• Jack Wills – The History of the Brand

    20th November 2015 - Alex Jenkins

    Jack Wills started life in 1999 at 22 Fore Street, Salcombe, Devon. The brand was the brainchild of Peter Williams and Robert Shaw and named after one of the co-founders beloved grandfather. Williams was only 23 when the brand was founded – he and Shaw opened the first shop with just £40k. Times were hard in the beginning and they both slept above the shop to cut down on costs.


    The brand capitalised on the university market to begin with, uniquely capturing the spirit of student life and epitomising the preppy lifestyle. It was a quick success and lots of Jack Will’s shops began popping up across the U.K, usually in towns and cities with prestigious universities or private schools. In an interview with the Financial Times, co-founder Peter Williams explained the idea behind Jack Wills:

    “When I started thinking about a premium brand I dredged up this vision of what I remembered in Salcombe. I thought, ‘What if I could create a brand that could bottle what being at a British university was all about and all the cool amazing stuff that goes with that?’ It’s such a uniquely cherished part of your life. I thought if you could create a brand that epitomised that it would be very compelling.”

    The famous Jack Wills, ‘Mr Wills’ pheasant logo

    Their ideal of fine clothing, crafted from quality materials with a classic, British flare alongside more casual, sport-inspired offerings resonated with their target audience of ‘posh’ teenagers, students and parents and the band quickly gained notoriety. The logo, a peasant adorned with a jaunty top hat and aptly named Mr Wills, was a nod to its clientele, along with its original slogan of ‘Jack Wills: University Outfitters’ which nicely reflected the brands ethos.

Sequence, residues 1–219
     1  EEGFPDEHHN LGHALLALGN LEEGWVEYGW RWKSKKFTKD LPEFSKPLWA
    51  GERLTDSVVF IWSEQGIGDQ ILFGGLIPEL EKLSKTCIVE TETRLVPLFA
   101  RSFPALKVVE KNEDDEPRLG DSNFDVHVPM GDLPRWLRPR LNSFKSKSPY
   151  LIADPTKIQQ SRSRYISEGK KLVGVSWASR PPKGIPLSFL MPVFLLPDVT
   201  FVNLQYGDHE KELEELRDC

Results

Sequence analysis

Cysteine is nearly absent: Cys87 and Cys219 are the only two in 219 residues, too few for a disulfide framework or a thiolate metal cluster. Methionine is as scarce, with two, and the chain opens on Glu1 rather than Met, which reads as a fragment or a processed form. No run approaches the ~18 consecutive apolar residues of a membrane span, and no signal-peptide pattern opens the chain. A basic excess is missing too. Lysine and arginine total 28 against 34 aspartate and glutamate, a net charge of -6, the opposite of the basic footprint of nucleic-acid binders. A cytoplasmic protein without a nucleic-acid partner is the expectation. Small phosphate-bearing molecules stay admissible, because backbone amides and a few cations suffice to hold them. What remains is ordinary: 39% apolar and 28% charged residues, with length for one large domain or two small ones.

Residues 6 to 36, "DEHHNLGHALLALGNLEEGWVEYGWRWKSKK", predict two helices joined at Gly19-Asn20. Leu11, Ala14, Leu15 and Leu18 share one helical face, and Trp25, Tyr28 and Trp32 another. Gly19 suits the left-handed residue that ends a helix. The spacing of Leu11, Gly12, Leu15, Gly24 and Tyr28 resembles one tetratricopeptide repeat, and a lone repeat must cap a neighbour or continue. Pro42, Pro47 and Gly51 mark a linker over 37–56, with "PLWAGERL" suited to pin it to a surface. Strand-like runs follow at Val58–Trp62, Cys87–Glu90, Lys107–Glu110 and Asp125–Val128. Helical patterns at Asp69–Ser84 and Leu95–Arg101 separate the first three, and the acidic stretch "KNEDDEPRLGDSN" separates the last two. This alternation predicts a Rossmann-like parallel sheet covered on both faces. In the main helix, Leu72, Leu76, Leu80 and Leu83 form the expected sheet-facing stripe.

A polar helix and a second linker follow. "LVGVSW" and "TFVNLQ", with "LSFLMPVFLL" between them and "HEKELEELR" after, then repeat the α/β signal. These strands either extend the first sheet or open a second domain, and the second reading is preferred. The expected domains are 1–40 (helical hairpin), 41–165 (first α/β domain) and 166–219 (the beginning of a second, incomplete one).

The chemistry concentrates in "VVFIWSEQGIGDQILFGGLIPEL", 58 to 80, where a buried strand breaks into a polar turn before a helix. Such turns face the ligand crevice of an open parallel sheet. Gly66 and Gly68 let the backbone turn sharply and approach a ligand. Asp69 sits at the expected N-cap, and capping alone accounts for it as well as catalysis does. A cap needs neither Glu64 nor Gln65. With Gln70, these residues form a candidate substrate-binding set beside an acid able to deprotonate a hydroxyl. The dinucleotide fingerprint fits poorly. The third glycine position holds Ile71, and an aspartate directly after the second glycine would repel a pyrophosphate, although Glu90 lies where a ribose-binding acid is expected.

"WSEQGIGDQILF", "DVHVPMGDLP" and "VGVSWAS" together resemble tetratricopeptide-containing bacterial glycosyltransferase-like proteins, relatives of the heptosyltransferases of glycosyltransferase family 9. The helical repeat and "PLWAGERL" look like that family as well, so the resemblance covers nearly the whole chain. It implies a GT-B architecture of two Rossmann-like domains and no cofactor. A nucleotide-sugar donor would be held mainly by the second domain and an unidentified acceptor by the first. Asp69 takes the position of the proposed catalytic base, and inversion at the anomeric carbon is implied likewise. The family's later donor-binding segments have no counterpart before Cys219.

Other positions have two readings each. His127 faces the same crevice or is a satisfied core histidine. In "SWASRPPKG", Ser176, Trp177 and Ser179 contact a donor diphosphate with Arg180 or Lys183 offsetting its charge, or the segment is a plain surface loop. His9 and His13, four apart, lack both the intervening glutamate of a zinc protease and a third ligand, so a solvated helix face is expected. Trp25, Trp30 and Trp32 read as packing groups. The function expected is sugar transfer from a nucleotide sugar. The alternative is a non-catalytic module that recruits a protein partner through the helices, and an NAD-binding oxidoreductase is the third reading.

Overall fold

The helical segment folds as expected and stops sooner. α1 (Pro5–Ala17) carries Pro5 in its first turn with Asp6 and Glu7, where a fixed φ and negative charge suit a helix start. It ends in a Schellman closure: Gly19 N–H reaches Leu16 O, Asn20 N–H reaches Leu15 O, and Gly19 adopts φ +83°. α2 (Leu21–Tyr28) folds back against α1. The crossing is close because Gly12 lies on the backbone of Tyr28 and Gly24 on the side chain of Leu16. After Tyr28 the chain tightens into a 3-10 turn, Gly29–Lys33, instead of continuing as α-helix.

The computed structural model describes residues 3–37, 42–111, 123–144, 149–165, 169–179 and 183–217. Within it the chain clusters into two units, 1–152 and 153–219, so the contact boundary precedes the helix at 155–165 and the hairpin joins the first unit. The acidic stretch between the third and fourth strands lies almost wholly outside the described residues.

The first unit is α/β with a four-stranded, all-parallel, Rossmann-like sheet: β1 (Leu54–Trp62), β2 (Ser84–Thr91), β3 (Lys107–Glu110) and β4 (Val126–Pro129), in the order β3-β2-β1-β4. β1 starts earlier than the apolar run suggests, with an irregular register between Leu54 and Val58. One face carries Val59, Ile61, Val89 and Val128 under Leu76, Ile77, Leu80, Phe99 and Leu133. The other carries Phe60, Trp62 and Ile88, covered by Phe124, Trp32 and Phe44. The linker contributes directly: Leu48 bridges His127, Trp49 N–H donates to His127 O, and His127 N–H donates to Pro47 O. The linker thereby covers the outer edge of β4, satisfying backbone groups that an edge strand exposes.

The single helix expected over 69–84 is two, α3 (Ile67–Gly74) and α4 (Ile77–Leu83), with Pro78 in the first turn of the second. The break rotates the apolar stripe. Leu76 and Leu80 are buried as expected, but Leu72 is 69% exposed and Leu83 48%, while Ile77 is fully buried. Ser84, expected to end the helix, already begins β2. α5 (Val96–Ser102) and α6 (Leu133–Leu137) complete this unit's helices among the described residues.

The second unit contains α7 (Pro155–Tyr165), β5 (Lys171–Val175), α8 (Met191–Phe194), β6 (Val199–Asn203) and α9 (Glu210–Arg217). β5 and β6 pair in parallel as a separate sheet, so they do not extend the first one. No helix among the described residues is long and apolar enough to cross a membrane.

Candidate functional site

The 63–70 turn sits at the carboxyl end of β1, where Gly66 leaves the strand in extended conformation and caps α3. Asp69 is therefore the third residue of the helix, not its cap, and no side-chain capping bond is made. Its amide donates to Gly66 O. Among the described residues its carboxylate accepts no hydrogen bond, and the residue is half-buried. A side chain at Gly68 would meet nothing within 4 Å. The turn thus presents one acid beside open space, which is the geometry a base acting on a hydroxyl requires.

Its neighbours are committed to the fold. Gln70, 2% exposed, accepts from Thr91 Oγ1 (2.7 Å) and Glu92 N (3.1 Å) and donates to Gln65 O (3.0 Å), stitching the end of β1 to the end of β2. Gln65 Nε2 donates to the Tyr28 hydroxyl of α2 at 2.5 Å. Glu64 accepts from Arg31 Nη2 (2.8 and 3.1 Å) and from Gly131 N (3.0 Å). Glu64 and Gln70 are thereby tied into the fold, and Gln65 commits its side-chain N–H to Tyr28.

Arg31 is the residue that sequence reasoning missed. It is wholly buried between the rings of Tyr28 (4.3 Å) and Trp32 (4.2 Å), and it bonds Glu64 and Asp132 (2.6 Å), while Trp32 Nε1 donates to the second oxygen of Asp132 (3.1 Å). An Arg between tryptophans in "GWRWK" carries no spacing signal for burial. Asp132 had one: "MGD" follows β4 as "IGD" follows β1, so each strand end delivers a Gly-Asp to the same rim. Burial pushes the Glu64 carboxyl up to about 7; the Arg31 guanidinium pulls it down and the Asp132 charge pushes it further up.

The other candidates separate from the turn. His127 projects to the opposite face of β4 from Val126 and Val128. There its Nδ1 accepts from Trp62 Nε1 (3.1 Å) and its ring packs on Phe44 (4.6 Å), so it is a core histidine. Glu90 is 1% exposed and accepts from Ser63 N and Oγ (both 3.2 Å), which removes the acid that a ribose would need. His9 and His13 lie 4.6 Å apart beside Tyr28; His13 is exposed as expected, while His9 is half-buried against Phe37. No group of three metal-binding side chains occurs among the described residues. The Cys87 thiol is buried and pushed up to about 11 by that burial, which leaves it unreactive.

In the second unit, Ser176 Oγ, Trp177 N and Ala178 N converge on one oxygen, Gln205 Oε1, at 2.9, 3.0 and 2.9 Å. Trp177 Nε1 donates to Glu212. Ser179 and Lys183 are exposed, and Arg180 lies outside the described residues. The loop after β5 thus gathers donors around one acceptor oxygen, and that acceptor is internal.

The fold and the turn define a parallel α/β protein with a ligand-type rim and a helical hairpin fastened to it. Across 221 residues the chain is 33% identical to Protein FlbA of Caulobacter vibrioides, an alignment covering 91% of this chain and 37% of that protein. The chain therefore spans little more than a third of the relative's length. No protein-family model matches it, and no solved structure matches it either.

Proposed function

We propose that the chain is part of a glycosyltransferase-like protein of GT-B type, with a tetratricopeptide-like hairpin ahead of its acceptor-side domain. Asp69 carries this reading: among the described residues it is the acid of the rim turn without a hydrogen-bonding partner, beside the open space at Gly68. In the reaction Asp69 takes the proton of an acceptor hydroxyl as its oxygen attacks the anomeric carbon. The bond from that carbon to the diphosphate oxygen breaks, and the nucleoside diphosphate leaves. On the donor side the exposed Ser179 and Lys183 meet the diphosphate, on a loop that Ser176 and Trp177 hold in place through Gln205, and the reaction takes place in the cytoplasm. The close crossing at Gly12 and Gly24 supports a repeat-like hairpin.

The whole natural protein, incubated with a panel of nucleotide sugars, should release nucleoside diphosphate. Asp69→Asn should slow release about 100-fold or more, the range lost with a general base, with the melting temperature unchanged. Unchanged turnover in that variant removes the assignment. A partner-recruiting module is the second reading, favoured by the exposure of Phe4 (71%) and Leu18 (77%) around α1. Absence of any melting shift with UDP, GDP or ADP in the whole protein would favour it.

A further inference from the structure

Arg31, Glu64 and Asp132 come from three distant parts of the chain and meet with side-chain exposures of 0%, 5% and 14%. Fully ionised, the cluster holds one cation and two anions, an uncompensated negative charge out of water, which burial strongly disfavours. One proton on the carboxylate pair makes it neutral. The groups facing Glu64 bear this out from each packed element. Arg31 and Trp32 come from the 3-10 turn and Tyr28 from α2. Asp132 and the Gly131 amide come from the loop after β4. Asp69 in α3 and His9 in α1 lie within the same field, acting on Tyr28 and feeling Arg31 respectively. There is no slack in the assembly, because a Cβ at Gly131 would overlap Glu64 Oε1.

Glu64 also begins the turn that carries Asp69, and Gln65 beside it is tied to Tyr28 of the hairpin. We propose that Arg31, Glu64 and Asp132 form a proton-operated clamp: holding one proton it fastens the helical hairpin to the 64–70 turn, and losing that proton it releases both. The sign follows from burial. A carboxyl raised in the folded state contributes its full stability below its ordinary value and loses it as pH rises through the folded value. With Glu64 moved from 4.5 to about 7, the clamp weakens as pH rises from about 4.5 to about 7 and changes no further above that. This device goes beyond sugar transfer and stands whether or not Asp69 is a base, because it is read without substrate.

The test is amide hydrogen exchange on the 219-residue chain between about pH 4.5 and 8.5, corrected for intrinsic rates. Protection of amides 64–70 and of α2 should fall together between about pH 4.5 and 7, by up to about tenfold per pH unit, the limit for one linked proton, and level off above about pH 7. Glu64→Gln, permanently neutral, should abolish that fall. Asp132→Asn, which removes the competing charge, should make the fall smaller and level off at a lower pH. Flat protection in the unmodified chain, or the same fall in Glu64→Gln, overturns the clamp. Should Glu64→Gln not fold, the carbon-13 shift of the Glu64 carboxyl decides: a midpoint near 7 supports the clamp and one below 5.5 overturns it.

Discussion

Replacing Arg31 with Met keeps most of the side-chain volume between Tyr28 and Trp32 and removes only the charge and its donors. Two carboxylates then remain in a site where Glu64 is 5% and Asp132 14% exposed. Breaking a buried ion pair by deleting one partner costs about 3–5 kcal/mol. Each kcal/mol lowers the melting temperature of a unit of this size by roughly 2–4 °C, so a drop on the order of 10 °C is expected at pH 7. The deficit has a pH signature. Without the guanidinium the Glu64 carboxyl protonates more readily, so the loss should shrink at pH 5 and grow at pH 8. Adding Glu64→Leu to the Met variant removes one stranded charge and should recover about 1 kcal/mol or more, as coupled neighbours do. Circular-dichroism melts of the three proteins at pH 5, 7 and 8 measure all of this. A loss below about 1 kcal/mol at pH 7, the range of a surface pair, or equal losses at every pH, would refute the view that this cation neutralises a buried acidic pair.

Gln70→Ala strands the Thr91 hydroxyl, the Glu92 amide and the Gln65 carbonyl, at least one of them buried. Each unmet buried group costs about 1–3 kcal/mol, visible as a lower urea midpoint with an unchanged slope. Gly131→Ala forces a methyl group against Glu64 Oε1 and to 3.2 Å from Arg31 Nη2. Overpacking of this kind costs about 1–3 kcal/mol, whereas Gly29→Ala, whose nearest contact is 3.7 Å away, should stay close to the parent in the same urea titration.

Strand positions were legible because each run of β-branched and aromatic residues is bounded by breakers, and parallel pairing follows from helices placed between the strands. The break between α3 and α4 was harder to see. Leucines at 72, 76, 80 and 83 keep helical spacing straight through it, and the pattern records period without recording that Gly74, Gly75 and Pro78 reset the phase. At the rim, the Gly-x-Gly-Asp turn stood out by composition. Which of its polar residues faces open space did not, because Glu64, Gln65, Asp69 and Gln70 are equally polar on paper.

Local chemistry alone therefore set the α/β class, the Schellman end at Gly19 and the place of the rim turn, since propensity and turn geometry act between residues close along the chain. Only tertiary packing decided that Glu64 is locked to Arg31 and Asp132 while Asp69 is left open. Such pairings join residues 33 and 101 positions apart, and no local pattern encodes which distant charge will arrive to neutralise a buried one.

Over the last few years, Jack Wills has collaborated with some of Britain’s top milliners, shoemakers, leather crafters and tailors to create limited edition items that appeal to its customers who appreciate the history and skills of these traditional British producers. Some recent partnerships have included a range of coats and jackets with Moon, one of the UK’s oldest and more respected wool milliners, a collection of tweed blazers with the iconic Harris Tweed and a selection of traditional leather shoes and bags with NPS Ltd, a family run company who have been making shoes in Northamptonshire since 1881.


    Since its creation in 1999, Jack Wills has gone from strength to strength. They now sell a range of homeware, stationary and luggage alongside their usual shirts, tweed jackets, knitwear, polo shirts, hoodies and sweatpants. Today the company is worth over £170 million, with founder Williams debuting in the Sunday Times Rich list in 2012 with an estimated worth of £200 million. There are now over 80 stores in the United Kingdom alone, with 13 stores in the USA and plans to open stores in Asia already underway.

    In just 16 short years Jack Wills has evolved into a household name, an icon of the British high street and a feature of millions of wardrobes around the world.